In the following, the embodiment illustrated is used to describe the detailed structural characteristics and operation action for the present invention.

BRIEF DESCRIPTION OF THE DRAWINGS

FIG. 1 is a three-dimensional illustration for better application in the present invention.

FIG. 2 is an illustration for formation about the better application in the present invention.

FIG. 3 is a three-dimensional illustration for the form factor of the workbench and the connected coordinate board in the present invention.

FIG. 4 is a partial plane illustration for the coordinate board in the present invention.

FIG. 5 is a zoom-in thumbnail about the projected pixel block in FIG. 4.

DETAILED DESCRIPTION OF THE INVENTION

Please refer to FIGS. 1 to 2. The sophisticated surveying instrument with a coordinate board for position identification in the present invention consists of a workbench 1, a coordinate board 2 and two sets of optical sensors 3, 4, which may be CCD or CMOS digital camera lens.

The above workbench 1 installed on the base 5 moves by means of the two tracks 6, 7 in X and Y dimension. The movement could be implemented manually or through the movement of the screw link.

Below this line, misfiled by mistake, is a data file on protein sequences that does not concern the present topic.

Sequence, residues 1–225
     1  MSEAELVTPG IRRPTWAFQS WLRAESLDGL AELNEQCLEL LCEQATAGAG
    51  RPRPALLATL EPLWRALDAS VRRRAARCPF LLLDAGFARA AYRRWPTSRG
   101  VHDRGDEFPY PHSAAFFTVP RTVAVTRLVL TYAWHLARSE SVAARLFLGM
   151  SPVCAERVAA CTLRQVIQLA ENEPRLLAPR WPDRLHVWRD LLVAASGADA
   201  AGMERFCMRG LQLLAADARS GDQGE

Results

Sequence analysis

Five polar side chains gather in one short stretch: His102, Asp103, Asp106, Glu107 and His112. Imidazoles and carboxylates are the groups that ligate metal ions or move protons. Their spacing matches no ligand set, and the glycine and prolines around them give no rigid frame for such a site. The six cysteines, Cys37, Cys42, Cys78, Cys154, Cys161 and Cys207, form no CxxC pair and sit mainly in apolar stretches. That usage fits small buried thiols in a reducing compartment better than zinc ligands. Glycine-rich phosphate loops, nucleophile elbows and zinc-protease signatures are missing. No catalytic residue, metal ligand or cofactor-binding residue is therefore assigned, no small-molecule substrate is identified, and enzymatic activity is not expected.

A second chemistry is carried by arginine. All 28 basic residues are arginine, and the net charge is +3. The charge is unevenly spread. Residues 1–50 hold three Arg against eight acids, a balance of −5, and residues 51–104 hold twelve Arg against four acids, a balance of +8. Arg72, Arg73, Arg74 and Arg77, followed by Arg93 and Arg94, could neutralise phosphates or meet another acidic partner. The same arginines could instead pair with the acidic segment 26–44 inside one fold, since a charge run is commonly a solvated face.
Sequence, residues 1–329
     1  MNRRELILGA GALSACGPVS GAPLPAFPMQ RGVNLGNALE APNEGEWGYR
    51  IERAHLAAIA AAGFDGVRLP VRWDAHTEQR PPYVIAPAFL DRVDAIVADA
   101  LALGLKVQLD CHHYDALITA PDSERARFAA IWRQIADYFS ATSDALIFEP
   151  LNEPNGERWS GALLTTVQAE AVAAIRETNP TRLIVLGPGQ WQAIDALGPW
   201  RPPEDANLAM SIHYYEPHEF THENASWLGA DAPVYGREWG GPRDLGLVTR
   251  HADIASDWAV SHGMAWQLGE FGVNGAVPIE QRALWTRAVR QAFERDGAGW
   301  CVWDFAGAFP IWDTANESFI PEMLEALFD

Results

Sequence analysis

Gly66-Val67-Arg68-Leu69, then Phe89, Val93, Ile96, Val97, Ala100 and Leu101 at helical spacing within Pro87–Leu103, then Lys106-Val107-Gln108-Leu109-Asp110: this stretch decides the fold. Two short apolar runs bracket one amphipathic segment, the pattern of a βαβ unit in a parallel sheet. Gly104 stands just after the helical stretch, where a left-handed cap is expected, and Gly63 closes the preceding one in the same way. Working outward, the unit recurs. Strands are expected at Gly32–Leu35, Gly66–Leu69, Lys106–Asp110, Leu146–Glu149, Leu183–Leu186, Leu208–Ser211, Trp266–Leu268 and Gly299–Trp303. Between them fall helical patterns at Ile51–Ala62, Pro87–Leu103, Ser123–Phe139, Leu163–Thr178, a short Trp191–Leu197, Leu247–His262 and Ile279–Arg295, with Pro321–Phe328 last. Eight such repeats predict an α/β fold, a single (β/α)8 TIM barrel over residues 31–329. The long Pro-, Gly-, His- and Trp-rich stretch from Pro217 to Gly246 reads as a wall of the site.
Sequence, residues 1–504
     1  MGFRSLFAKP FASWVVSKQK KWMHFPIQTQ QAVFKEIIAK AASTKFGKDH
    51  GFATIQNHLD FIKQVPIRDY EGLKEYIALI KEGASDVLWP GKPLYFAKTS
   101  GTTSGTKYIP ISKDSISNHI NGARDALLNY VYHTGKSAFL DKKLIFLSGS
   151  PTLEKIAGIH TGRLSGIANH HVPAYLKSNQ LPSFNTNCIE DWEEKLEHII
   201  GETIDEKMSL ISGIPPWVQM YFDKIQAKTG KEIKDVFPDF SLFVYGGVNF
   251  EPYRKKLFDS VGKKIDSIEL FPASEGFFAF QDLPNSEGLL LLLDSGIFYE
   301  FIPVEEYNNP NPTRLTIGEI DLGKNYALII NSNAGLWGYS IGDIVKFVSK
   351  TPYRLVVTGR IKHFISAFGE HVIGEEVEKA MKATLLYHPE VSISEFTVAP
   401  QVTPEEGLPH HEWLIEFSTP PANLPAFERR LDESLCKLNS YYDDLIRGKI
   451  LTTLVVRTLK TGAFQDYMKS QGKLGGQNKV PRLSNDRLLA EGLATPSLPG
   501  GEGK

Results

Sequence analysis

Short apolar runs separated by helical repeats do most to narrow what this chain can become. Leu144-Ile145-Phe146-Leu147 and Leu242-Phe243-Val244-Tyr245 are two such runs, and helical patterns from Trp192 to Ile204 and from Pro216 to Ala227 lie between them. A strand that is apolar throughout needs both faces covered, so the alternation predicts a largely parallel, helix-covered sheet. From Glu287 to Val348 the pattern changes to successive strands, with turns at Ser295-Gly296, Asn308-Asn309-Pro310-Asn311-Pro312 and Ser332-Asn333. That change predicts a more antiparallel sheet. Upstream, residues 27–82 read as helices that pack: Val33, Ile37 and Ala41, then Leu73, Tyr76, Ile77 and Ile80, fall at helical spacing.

As shown in FIG. 3, the connected coordinate board 2 is secured beneath the workbench 1. Manufactured as a delicate wafer instrument, the coordinate board 2 is divided into a plurality of equal-sized square grids 21. Each of the plurality of equal-sized square grids 21 has a recognizable icon 22 (as shown in FIG. 4). Each recognizable icon 22 is a general computer code having data of coordinate positions of four apexes A, B, C, D (as shown in FIG. 5) of each grid 21 of the plurality of equal-sized square grids 21 and defining data of an apex coordinate that is read by the digital camera lens 3, 4. The apex coordinate is the coordinate positions of each of four apexes of the grid 21. The recognizable icon 22 could be symbols, bar codes and numbers.